I know it’s been forever since I posted…and I apologize. I’m currently working on a post about PROMPT and whether it’s EBP or pseudoscience and I suspect I’m
avoiding delaying working on it because I’m afraid of what I’ll find.
However, I wanted to post something…and this has been laying rather heavily on my heart lately, so I thought I’d post it here. Go on…click on it, it’s not personal.
I read an article recently from Speak for Yourself AAC on The Myth of Augmentative and Alternative Communication (AAC) Pre-Requisite Skills.
The post talks about myths: low cognitive skills, behavior problems, needs to be more verbal…etc. And it really made me think. I’ve had exactly two kids I’ve considered for AAC of any kind here in my current school (going on 7 years – yes, it is utopia, but that’s another post!).
With both of those kids, we implemented PECS. One is now completely verbal and doing great (not even on an IEP anymore). The other moved away halfway through and I’m not sure of the outcome.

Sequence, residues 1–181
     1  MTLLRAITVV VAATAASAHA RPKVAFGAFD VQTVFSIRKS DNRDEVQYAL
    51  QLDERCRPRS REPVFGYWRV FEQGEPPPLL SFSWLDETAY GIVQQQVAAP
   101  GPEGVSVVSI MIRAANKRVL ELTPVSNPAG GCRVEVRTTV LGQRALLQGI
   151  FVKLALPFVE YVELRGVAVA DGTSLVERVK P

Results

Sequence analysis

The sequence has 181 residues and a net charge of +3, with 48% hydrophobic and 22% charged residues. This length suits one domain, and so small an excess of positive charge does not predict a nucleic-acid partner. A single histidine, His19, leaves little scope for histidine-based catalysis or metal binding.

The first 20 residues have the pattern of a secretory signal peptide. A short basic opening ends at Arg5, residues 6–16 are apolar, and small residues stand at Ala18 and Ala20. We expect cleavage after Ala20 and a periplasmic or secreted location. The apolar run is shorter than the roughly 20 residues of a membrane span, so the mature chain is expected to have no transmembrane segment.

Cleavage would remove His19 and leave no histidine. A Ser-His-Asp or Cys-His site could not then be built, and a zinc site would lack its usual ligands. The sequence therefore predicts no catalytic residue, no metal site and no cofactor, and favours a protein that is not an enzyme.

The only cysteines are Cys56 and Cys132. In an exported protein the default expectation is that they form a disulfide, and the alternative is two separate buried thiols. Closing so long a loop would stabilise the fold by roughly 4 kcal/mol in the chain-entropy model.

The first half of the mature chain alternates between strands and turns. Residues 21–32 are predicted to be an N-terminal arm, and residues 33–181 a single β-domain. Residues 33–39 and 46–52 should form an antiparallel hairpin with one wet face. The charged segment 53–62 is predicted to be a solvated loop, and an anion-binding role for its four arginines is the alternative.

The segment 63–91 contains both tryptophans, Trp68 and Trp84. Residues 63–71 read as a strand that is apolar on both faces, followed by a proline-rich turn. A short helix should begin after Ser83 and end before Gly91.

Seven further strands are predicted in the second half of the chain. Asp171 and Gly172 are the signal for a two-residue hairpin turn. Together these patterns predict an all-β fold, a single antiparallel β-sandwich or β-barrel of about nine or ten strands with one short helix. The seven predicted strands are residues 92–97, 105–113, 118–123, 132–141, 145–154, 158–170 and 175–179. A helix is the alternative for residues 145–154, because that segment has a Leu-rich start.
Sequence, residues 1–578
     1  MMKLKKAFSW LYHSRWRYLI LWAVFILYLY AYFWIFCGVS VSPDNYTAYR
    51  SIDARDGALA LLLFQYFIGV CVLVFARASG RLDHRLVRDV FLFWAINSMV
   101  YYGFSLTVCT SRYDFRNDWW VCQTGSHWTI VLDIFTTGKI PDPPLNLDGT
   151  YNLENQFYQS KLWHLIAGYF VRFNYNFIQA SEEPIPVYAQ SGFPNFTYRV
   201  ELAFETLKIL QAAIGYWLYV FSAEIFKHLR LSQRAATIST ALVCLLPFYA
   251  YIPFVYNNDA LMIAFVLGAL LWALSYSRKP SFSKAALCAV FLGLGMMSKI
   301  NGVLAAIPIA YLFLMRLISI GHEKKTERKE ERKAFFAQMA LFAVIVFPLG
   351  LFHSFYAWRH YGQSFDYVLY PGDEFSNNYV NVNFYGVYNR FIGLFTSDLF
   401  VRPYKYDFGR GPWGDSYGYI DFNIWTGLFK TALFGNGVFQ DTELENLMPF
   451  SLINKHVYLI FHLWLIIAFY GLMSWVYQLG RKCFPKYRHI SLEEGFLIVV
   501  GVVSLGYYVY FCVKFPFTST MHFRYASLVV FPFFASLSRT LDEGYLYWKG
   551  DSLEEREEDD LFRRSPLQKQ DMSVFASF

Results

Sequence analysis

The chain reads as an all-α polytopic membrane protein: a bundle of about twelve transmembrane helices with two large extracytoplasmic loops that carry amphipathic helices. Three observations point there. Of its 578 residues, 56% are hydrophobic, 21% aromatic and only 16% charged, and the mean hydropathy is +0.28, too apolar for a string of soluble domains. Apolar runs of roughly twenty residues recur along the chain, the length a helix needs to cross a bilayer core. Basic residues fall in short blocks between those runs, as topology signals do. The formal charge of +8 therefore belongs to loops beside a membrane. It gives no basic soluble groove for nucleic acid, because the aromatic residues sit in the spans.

Like most school-based SLPs, over the years I have had a few kids that don’t fit nicely into any particular mold…preschoolers who weren’t in a language rich environment and encouraged (okay forced) to communicate to get wants/needs met, or kids with known problems but no label, etc.
I’ve often wondered what criteria I should use before suggesting AAC…and I really hope I’m not the only one who isn’t 100% sure.
When the child comes to me and has a total of 20 words at age 3 – do I automatically consider him an AAC candidate or do I try to teach him language first? If he doesn’t have 200 words after 3 months of therapy do I do it then?
What’s the magic rule? Is there one?
I’m curious what everyone’s views are on this subject.
What things do you look for before questioning whether AAC is something to be considered? For instance, would you consider it for the 3-4 year old who is highly unintelligible or do you wait until school age in hopes of that magical language burst?
What about the kindergarten student with suspected ASD who is highly echolalic and can’t answer yes/no questions with any sort of intent, but the echolalia has some functionality…occasionally? He might be able to say he hurts – but when questioning him, he couldn’t reliably tell you if his head/tooth/ear/stomach hurt. He would benefit from AAC – but is it necessary? How do you, as a school-based SLP, make that pitch to the educational team? What if the parents or caregivers can’t afford it – won’t carry through with it – don’t want it? Then what?
Is AAC something you even consider? What would you start with? I’d really like to hear your thoughts.
Until then…Adventure on!